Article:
Wildcrafted: Finally Making Black Walnut Liqueur (Nocino) Again

The walnut trees are producing this year – hurrah!! Last year was, to my disappointment, a bust. With the last of the Nocino left from the 2019 batch looking forlorn in its mostly-empty bottles, I happily set about making another – and bigger – batch!

2019 was my first year making black walnut liqueur, and I cautiously made just shy of 2 gallons – without really knowing how it would taste (and I varied the spices a bit between the two batches), I didn’t want to be stuck with a large amount of something I wasn’t keen on drinking.

After about 6 months had elapsed, the infusion looked ready, so I strained it and bottled it. At sampling, I was floored: it was amazing! It was smooth, nutty, and complex, with a slight, palate-awakening touch of bitterness. Why had I not made this before? All of those black walnuts, too tough to crack and eat, had just been left for the squirrels..!

A lesson learned from the last round: pick the walnuts earlier in the year so that they’re very soft and the shells haven’t begun to form yet. I had a number of green walnuts that, while not mature, had begun to form shells within the husk and were rather a challenge to quarter with a knife. This year, I started monitoring the trees earlier and looking for signs that the nuts were at the right point to harvest. Based on what I found when I began opening them, I made the right decision to collect them when I did.

The process begins with picking (immature) green walnuts – I was able to fill a gallon pail fairly quickly, thanks to the multiple trees here. I did get my workout walking to all corners of the property – the trees seem to like to grow near the fence lines – and, of course, it was hot as all get-out. No matter, I’d forget all the unpleasantness once I sampled the finished product.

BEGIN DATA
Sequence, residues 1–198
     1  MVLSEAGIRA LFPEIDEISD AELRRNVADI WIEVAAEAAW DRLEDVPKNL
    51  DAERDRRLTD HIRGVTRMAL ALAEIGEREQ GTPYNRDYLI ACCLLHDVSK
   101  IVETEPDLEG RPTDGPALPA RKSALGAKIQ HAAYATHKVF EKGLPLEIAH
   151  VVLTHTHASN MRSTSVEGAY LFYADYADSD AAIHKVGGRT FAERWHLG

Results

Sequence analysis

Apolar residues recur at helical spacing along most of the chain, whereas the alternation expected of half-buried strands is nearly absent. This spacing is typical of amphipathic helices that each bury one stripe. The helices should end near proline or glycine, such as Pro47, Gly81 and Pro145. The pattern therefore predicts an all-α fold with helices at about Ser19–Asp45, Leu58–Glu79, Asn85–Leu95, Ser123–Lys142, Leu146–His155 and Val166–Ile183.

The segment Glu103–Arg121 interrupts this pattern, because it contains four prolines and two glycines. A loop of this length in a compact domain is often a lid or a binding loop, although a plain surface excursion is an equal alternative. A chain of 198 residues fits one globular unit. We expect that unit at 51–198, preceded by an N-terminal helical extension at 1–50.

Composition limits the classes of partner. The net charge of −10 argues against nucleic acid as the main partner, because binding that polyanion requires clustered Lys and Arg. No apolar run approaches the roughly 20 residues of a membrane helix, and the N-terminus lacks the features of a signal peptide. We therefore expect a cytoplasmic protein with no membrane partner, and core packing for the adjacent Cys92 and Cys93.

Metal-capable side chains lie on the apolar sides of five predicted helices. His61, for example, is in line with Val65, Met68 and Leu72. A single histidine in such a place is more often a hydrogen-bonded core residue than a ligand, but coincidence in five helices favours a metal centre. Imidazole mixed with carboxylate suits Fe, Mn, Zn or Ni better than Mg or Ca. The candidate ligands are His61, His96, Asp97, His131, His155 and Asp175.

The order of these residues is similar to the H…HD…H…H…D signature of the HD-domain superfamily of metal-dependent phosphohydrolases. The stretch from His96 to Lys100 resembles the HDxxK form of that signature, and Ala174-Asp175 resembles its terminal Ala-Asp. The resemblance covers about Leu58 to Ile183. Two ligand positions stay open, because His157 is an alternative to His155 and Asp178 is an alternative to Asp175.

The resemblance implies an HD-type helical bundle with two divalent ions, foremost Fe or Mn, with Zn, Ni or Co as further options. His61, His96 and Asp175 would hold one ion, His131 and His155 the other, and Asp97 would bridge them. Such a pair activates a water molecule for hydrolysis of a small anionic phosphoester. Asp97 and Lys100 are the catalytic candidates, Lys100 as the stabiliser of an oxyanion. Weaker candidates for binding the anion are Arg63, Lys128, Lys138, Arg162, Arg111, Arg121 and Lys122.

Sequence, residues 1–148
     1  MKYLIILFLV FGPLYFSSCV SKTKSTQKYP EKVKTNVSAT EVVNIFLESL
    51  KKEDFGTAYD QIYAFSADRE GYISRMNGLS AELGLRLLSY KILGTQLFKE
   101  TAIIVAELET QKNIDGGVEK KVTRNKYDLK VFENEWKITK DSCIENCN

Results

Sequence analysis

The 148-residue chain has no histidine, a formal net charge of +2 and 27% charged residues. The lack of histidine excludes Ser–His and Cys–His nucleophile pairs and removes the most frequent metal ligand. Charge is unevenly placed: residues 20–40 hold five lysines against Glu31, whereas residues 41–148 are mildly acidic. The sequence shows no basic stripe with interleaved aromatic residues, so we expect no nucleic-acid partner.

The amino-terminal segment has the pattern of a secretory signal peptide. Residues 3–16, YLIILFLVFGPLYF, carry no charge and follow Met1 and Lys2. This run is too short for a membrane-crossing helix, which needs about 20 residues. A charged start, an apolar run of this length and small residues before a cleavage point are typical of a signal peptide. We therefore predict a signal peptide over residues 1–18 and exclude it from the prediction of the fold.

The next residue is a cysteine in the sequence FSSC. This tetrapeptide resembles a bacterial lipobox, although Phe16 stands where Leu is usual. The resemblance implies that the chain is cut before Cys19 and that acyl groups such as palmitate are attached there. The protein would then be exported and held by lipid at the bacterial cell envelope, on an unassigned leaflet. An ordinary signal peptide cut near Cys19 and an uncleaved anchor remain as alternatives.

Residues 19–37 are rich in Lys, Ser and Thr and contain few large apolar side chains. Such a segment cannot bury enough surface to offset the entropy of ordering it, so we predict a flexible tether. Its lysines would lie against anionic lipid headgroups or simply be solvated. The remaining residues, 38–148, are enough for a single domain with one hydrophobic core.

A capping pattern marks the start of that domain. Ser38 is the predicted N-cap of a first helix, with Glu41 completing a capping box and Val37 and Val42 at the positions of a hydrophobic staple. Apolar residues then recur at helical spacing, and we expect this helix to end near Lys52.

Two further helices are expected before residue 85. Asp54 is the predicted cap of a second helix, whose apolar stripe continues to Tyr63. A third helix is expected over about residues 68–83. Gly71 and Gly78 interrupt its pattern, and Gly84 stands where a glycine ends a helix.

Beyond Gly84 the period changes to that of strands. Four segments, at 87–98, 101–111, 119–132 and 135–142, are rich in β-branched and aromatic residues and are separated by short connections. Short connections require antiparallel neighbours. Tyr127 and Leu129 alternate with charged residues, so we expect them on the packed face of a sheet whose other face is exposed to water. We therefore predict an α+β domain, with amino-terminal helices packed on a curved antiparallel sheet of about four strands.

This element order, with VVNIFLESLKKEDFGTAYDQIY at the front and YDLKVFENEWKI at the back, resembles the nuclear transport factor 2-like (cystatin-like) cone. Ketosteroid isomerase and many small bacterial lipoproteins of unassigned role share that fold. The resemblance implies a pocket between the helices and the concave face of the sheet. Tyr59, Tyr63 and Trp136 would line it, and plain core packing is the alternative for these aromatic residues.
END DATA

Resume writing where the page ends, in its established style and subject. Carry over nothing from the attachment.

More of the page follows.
Then, all those golf ball-sized walnuts needed to be quartered.

Just getting started…

It was interesting to see how much liquid was inside the green walnuts’ centers.

Check out the liquid inside!

It reminds me of coconuts – they filter the water from the ground as it passes up and into the young coconuts, and the coconuts are full of nourishing liquid that has been called “the perfect sports drink“. Presumably, the walnut tree has similarly drawn moisture up through its roots, traveling up the trunk and branches to the developing walnuts.

It’s easy to tell if the walnut is at the right point of maturity: it will be firm, but still soft enough for a sharp knife to cut right through it without much effort – I’d say it’s comparable to cutting through a carrot. If it’s a little more mature than is ideal, I may need to tap the top (dull part) of the knife to help the blade get all the way through the nut. The cutting of walnuts is a risky business: they’re round, so it’s easy for the knife to slip, and it takes some force to get through some of the nuts that have begun to develop nascent shells. Being focused on safety and knowing where the knife is in relation to my fingers is very important.

Once the jars were full of the prepared nuts, I added the spices, lemon peel, and vodka.

This year, I opted for a slightly more expensive (and smoother) 80-proof vodka that should result in an even more enjoyable finished liqueur. I keep “tincturing” (bottom shelf) vodka on hand for making tinctures, but it’s not exactly “sipping” vodka. I have a feeling that this batch will be the best yet…only 6 months until I can sample it!

After cutting up all those nuts, my hands were stained, the cutting board was stained, the countertop was stained. The stain actually went under my nails and dyed my hands dark brown, but only partially – so instead of looking like I got a nice tan, I have “Dumbledore hand”. 😱

Yes, it looks pretty weird, and it makes me laugh when I see my left hand, the one that handled the cut walnuts. Black walnut creates a surprisingly stubborn stain, and the lids of the jars in which this liqueur infuses are permanently dyed, so I just reuse them specifically for this purpose (like my kimchi jar lids).

Once used for Nocino, forever used for Nocino

Sacrifices must be made for the craft.

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